As a result of the 2007 United Nations (UN) Climate Neutral Strategy, the UN System has been working over the last 11 years to measure, reduce and offset the carbon footprint of its facilities and operations. Gradually, the scope has been extended to focus on the entire environmental footprint of the UN’s facilities and operations, including waste management, water management, and environmental management systems.

UN entities – by which we mean the UN’s agencies, organisations, funds, programmes, specialised agencies and others – have engaged in greening efforts with determination and perseverance, with support from the United Nations Environment Programme’s (UN Environment) Sustainable United Nations facility (SUN) and the Environment Management Group (EMG).

There are three main objectives to the UN’s approach:

  1. To measure and report environmental impacts
  2. To undertake efforts to systematically manage and reduce environmental impacts
  3. To achieve climate neutrality by 2020.

In addition to the UN’s internal Climate Neutral Strategy, the universal adoption of the Sustainable Development Goals in 2015 has demanded that the UN System shows leadership at all levels, making the integration of sustainability considerations in facilities and operations more important than ever.


Measuring and reporting greenhouse gas emissions, waste and water


The UN first reported its greenhouse gas emissions in 2009, for 2008 emissions. Reporting has continued every year since then and has continuously improved in accuracy and scope, providing an ever-more detailed picture of the UN System’s carbon footprint.

In 2013, UN Heads of Agencies committed to manage the environmental impacts of the UN’s facilities and operations via the introduction of environmental management systems and to expand the number of environmental indicators. This report therefore includes details of the UN’s greenhouse gas emissions and their offsets, as well as waste management, water management and the adoption of systematic approaches to environmental sustainability for 2017.

This year, we received 2017 greenhouse gas emissions data from 66 entities of the UN System, covering 255,741 personnel distributed worldwide. In total, the UN emitted 1.86 million tonnes of carbon dioxide equivalent (CO2eq), and per capita emissions were 7.26 tonnes CO2eq.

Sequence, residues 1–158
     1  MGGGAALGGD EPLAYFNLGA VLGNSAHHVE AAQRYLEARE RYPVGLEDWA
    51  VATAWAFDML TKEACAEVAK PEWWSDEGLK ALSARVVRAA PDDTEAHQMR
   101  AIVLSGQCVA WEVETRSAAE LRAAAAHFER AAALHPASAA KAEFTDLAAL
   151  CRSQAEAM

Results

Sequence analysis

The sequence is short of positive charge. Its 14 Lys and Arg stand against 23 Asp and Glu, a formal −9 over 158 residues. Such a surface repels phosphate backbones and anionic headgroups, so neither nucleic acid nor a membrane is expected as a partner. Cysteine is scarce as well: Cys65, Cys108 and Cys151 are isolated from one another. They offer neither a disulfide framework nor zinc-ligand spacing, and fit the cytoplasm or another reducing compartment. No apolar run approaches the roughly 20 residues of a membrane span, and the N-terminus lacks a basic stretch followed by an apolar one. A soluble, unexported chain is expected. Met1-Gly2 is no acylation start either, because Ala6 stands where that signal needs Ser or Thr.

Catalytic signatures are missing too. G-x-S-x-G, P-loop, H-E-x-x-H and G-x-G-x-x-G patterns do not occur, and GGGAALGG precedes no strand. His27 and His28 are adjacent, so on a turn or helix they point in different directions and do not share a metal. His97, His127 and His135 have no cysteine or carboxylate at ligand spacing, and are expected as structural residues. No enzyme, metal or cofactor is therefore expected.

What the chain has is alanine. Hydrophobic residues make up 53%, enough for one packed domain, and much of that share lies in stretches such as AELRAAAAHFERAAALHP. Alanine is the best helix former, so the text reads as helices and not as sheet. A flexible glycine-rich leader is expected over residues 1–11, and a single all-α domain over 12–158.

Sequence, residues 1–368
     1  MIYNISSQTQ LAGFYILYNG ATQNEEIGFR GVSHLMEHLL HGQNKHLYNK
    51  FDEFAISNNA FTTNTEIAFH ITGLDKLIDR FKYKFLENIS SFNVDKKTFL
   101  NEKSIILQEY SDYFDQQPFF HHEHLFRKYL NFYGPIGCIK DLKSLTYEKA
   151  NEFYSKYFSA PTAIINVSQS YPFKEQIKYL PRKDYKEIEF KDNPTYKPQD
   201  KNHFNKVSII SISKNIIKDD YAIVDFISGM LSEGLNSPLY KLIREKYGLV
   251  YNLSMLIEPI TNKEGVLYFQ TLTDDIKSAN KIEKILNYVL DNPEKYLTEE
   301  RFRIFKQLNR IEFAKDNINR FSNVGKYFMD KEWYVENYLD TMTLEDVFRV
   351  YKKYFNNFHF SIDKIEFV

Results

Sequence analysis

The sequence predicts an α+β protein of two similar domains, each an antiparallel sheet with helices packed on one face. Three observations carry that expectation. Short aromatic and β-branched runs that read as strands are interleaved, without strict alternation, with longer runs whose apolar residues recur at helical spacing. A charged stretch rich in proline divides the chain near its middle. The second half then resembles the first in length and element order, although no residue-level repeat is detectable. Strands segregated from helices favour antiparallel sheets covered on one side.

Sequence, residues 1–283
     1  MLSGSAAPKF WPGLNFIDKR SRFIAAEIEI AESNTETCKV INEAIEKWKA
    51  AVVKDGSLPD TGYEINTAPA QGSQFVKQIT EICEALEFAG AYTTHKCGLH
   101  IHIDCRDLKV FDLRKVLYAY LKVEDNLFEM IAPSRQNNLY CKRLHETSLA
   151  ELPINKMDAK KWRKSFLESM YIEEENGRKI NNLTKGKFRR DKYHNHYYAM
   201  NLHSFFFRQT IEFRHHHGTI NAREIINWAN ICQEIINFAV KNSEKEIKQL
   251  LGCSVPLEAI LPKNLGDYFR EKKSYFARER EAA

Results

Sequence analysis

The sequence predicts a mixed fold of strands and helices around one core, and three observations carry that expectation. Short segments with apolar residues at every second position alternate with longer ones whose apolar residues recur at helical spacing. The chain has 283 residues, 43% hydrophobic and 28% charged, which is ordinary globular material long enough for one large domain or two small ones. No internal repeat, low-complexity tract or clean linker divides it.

A total of 60 UN entities provided waste data for 2017. Based on the quantitative data provided by 56 of them, the UN-wide per capita waste generated in 2017 is estimated to be 540 kilograms.

The 2018 report was the first to feature information on freshwater use. Water data was provided by 58 UN entities, 56 of which provided quantitative data, for this year’s water inventory. In 2017, the UN System used 53 m3 (53,000 litres) of water per capita.

The UN System is committed to improving the environmental performance of all of its facilities and operations. Twenty-six UN entities have adopted or are in the process of implementing a systematic approach to reducing their environmental footprint. This could include implementing an environmental management system or receiving certificates of excellence for their green building-management practices.


Moving towards a climate neutral UN by 2020


The UN Climate Neutral Strategy commits all UN entities to minimise their impact on climate change by measuring their greenhouse gas emissions, making efforts to reduce these emissions and then offsetting any of their greenhouse gas emissions that are unavoidable. Climate neutrality is only achieved when 100% of unavoidable greenhouse gas emissions are offset by purchasing quality carbon credits from the Clean Development Mechanism under the Kyoto Protocol, which are also known as Certified Emission Reductions (CERs). Please see the section on our offsetting methodology for more information.

A total of 43 UN entities were climate neutral for 2017 as a result of emission reductions and the purchase of carbon credits. A few additional entities decided to offset a portion of their emissions. In total these efforts resulted in the offsetting of 39% of the UN’s reported greenhouse gas emissions for 2017.


Sustainable Development Goals


The Sustainable Development Goals provide a set of universally endorsed objectives and targets to work towards. By committing to becoming climate neutral by 2020 and working to improve its overall environmental performance, the UN System is not only reducing its use of natural and financial resources but also showing leadership in integrating the Sustainable Development Agenda in management planning and processes.

For more information on SUN, Greening the Blue and the Sustainable development goals, please visit www.greeningtheblue.org/sdgs


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